The bill requires the president to report every 60 days on Iran's latest nuclear capabilities, including an estimated timeline for when it could develop a nuclear explosive device and build a nuclear weapon, also known as "breakout capacity."
"What that gives you is a very firm red line," says Mark Dubowitz, a sanctions expert and executive director of the pro-sanctions think tank Foundation for Defense of Democracies.
It also requires the secretary of State to make a determination as to whether Tehran's paramilitary force, the Iranian Revolutionary Guard Corps, is a foreign terrorist organization.
The bill includes a section targeting human rights abusers, including those involved in the regime's program of censorship, and would apply financial-sector sanctions in existing law to transactions conducted by designated human rights violators.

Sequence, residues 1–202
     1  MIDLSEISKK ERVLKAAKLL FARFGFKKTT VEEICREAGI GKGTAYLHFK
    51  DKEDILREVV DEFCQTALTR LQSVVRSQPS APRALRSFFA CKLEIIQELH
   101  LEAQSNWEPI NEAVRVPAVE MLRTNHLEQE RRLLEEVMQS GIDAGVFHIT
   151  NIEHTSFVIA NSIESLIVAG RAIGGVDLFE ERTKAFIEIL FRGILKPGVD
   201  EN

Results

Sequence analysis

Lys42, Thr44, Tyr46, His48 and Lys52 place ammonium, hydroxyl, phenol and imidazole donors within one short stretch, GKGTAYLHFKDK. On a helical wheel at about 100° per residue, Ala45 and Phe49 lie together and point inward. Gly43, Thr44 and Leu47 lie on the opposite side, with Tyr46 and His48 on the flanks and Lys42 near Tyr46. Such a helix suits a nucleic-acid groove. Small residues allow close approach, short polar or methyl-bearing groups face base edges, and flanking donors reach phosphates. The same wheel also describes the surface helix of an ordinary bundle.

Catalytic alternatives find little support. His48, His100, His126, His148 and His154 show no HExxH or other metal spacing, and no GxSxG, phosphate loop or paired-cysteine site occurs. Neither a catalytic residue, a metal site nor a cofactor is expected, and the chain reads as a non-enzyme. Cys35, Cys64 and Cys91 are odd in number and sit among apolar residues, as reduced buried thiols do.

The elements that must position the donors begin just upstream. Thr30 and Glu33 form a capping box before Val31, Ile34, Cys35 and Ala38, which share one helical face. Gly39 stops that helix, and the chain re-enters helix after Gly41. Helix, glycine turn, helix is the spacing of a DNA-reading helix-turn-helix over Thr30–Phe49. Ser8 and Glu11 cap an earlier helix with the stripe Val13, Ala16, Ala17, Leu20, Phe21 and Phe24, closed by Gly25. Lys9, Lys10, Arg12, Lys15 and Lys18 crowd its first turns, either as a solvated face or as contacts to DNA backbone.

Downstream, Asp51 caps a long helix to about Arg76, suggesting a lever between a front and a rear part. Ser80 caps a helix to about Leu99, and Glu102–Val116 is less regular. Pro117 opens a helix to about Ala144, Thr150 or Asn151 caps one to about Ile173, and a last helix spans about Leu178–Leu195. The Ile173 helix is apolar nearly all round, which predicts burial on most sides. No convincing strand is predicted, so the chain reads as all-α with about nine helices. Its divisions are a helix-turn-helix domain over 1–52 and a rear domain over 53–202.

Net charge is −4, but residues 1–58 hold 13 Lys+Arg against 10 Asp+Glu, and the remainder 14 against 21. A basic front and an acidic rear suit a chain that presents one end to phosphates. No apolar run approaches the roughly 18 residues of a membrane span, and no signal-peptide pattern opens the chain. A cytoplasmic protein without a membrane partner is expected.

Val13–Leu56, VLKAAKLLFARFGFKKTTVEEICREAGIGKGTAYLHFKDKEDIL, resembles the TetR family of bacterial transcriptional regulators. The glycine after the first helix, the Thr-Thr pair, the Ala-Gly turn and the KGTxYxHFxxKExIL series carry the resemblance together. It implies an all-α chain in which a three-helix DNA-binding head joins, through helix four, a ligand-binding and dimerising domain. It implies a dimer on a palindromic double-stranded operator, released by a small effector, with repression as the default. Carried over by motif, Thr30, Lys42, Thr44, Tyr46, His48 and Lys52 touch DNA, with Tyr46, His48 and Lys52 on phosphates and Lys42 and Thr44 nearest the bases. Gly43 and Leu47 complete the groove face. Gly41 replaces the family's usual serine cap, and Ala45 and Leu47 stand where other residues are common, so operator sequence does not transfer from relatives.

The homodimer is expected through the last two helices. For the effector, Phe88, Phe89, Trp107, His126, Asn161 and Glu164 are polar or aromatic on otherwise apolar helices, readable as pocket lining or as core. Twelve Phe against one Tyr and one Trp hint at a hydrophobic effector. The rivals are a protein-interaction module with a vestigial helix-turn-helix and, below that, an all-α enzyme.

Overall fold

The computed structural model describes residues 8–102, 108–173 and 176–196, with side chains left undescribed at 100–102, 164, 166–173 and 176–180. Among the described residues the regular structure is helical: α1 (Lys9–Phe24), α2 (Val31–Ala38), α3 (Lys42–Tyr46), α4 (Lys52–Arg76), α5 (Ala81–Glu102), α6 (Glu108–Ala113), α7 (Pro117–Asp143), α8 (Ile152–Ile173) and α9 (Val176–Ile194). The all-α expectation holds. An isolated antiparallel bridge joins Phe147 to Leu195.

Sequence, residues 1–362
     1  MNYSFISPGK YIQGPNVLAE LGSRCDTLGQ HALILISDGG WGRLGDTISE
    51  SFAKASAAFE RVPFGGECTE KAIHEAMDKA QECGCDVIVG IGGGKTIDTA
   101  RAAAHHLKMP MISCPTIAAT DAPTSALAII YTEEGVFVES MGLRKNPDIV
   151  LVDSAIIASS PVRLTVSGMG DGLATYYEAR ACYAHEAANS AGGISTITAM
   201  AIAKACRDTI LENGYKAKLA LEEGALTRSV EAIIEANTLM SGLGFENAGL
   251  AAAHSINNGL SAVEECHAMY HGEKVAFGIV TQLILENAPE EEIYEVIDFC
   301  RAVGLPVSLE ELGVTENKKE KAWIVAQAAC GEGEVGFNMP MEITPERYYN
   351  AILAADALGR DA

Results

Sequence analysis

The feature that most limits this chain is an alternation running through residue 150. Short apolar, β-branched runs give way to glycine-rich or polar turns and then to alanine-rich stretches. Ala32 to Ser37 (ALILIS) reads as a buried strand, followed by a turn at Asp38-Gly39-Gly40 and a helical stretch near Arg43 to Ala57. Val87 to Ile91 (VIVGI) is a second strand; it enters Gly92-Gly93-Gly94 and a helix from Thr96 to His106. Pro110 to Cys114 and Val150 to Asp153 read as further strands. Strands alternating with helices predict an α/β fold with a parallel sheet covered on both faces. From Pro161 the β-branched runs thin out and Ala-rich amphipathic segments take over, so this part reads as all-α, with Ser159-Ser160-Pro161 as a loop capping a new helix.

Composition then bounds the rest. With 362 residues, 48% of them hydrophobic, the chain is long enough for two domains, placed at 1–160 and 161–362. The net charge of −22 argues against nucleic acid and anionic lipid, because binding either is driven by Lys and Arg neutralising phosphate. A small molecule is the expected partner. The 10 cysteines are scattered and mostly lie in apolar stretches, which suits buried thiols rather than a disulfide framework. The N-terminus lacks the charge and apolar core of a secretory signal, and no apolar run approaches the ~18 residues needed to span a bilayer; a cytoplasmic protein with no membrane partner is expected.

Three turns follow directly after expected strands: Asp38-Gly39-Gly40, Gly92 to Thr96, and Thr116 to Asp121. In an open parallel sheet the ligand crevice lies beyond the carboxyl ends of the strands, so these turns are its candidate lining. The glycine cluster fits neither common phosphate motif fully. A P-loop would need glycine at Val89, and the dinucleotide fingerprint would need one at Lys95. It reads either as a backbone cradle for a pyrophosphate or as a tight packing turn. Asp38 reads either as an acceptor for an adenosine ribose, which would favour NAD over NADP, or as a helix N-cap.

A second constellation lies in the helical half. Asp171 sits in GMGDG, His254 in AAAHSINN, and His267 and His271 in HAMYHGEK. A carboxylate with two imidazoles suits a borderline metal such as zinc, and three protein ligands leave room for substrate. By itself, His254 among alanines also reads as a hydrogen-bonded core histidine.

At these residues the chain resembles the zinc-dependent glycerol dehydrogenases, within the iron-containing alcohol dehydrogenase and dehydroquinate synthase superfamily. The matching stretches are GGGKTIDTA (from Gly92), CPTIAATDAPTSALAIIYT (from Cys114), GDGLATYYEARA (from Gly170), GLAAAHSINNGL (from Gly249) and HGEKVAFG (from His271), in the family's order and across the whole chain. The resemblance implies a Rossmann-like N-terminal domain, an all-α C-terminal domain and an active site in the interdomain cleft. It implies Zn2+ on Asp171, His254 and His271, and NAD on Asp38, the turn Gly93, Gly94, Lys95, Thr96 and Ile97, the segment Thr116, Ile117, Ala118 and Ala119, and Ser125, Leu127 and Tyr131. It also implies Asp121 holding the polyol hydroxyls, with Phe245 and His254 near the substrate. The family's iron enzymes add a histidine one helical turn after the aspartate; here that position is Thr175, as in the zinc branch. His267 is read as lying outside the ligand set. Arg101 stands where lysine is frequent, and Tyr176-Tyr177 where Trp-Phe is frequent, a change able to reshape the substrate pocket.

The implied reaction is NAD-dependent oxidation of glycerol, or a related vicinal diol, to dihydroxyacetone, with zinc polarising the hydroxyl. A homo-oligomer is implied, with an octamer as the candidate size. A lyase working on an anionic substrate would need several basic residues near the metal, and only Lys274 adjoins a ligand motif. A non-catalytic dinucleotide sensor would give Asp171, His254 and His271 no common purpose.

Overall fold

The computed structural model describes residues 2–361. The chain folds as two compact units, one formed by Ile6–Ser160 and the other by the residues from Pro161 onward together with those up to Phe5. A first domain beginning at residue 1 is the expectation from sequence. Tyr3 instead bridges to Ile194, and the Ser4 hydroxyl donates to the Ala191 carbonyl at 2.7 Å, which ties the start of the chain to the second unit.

The House legislation does not go as far as some sanctions hawks would like; a Senate bill that Kirk is working on is likely to pursue some of the legislation's targets more vigorously, Dubowitz says.
One key focus is barring Iran's access to euros.
Iran "has billions of euros' worth of foreign exchange reserves sitting in foreign financial institutions," which are the "principal weapon to forestall economic collapse," Dubowitz explains. With access to dollars restricted because of sanctions, those reserves are increasingly being converted to euros.
To access that money, however, Tehran needs the banks holding the funds to move them around, transfers that have to be settled and cleared through a European Central Bank payment and settlement system called Target 2.